Have you ever felt inexplicably sad at night, you feel like suffocated and at a loss as to what to do because you don’t know what’s causing that feeling? Then morning comes and you have no idea why you ever felt that way the night before. There was nothing wrong with the world.
Chances are, you might be at the early stages of depression. Depression doesn’t have to be triggered by a major event in your life. Chronic stress could lead to depression. The subtle but persistent discomfort you feel every day at home or work could lead to depression. There is also a condition called Seasonal Affective Disorder (SAD) that commonly occurs in the late fall and winter. There are also rare cases of summer depression.
Wherever your depression stems from, get professional therapy as early as possible. If you have children, do yourself and your child a favor. Get them professional childcare as you may not be fit to take care of a child at the moment. Complement it with some of these recommended activities. They could temporarily alleviate your feeling of sadness.
For the love of the sun
The most commonly advised is to have maximum safe exposure to sunlight. According to a study, sunlight provides more than 90% of our needed daily dose of vitamin D. Take in the sun while doing the things you enjoy. There is therefore no recommendation better than urging you to read a book, or your emails if you like, on a sunlit porch. On hot summers, you could enjoy the sunlight from a safely shaded area. There are parts of the day when you could be under the direct sunlight like early morning and late afternoon so you can go jog or take a walk during those hours.
People take for granted the abundance of sunshine in the summer. However, if you break down your activities most of your daytime is spent indoors, in a fluorescent-lit office, the shades drawn against the sun. Proactively seek the sun.
In the fall when the temperature is cooler and the sun is not beating down too harshly, you could go on extended walks. Autumn is very romantic with the changing colors of the landscape. Maximize this time when you could still bask under sunshine before the bitter days of late fall and winter come.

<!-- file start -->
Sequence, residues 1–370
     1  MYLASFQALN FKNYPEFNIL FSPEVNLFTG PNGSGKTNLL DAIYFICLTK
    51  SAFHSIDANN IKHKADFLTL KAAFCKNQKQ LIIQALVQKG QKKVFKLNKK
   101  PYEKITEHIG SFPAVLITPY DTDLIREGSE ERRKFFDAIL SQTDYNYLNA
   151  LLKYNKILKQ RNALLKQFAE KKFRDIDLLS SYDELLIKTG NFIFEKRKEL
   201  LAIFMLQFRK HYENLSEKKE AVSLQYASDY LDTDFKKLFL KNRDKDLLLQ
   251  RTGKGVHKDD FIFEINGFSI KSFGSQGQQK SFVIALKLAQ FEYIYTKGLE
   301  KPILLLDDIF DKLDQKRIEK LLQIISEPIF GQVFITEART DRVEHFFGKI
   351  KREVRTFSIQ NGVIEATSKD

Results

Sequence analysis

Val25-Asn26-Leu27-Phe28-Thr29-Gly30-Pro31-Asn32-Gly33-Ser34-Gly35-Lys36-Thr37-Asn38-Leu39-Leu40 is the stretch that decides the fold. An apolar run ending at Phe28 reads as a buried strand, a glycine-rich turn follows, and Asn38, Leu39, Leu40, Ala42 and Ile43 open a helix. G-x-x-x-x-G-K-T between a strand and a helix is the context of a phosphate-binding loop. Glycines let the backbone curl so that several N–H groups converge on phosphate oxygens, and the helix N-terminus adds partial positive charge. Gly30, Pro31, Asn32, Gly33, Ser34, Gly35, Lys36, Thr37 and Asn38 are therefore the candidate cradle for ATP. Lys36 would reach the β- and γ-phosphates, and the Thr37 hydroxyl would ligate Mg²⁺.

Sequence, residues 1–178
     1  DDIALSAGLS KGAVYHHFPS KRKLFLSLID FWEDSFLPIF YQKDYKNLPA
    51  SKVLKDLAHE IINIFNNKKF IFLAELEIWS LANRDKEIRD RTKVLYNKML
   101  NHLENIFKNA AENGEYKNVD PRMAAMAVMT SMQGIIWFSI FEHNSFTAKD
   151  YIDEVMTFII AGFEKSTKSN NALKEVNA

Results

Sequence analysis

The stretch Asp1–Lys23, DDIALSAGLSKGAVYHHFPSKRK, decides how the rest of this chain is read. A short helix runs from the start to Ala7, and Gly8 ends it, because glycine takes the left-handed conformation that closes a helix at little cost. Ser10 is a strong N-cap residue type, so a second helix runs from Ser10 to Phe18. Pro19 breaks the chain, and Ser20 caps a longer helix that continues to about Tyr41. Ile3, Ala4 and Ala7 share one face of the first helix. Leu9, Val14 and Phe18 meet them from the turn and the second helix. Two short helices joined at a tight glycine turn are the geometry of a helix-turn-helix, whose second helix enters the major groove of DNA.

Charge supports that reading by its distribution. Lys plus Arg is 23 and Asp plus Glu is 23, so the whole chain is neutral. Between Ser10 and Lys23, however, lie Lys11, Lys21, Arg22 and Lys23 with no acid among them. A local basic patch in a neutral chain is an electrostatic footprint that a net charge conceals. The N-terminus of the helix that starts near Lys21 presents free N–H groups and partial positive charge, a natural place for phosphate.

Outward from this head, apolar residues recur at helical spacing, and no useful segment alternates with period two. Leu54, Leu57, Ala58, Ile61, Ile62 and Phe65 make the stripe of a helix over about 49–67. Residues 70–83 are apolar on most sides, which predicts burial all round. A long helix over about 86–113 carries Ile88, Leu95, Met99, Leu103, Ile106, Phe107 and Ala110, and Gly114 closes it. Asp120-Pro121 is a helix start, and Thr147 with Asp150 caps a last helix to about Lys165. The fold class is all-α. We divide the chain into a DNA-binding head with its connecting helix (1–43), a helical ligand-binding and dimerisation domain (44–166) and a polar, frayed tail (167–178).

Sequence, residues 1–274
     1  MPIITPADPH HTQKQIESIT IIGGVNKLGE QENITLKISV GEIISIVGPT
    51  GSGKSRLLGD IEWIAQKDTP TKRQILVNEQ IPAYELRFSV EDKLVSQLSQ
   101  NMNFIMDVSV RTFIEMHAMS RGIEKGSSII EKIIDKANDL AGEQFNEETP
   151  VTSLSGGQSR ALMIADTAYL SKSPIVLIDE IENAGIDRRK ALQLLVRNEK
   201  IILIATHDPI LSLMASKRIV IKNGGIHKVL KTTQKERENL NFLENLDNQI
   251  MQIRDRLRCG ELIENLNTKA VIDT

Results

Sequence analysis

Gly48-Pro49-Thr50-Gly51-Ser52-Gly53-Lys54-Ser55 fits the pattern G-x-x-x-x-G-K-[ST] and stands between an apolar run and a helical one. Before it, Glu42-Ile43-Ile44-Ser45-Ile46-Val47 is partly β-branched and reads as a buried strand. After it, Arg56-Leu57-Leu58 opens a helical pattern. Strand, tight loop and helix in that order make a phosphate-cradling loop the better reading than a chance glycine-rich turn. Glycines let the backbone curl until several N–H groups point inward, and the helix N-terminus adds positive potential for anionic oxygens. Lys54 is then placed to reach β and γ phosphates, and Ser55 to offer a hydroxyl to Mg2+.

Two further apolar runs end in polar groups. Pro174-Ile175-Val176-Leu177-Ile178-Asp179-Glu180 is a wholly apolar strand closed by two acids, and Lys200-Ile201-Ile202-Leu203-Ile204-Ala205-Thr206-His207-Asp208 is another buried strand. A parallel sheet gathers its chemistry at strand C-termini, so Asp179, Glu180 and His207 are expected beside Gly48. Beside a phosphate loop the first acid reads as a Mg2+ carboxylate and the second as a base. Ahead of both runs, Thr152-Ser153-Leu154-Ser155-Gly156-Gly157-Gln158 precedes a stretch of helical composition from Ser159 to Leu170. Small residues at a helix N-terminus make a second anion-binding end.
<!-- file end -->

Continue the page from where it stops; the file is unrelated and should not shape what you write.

Winters are mostly spent indoors. It’s too cold to go walking in the early morning, although of course if the temperature is tolerable, you could still do it. But the best you can do when you go out is to do something energetic so that you are burning energy and heating up your body. Go ice skating, sledding, or skiing. Jogging is still possible but make sure you have enough layers of clothes so that you don’t suffer hypothermia and at the same time you don’t suffocate from over-layering.
Spring is perfect for any kind of outdoor activity except for people who are sensitive to pollen. But even if you have these seasonal allergies, do what you have learned during the pandemic—use a mask. Using a mask has not been popular among many countries before the pandemic. But it had been commonly used in East Asia for years. It protects from the small pollen particles abundant during spring as well as dust to some degree.
There are a lot of vitamins that could help with depression. These vitamins could thankfully be safely consumed through food. Foods rich in Vitamin B are recommended as the vitamin helps the body produce adequate and appropriate amounts of serotonin, dopamine, and norepinephrine, neurotransmitters that are important in mood regulation. Examples of this food are cheese, eggs, red meat, mackerel, and salmon.
Salmon is additionally good for its richness in Omega 3. According to studies, it could help in building the resilience of the brain against pressure and stress. Other foods that could be incorporated into our meals for mental wellness are green and leafy vegetables. Cruciferous vegetables are also highly recommended. These are the broccoli, cauliflower, cabbage, kale.
Adversely, some foods could contribute to feelings of depression. Consuming fatty and processed foods is discouraged not only by nutritionists but also by psychiatrists as they could affect mental health.
Depression is by no means a light feeling. It is not just a matter of being sad or lonely. It is a state where an individual feels extreme hopelessness, without any will to survive. People who have never experienced this might have used this term lightly or even interchange it with sadness. But it is way beyond it. While there are individuals who are prone to depression because of genetics, everyone is threatened by this especially in this world that has too many expectations. Guard yourself against it and be conscious of your mental health.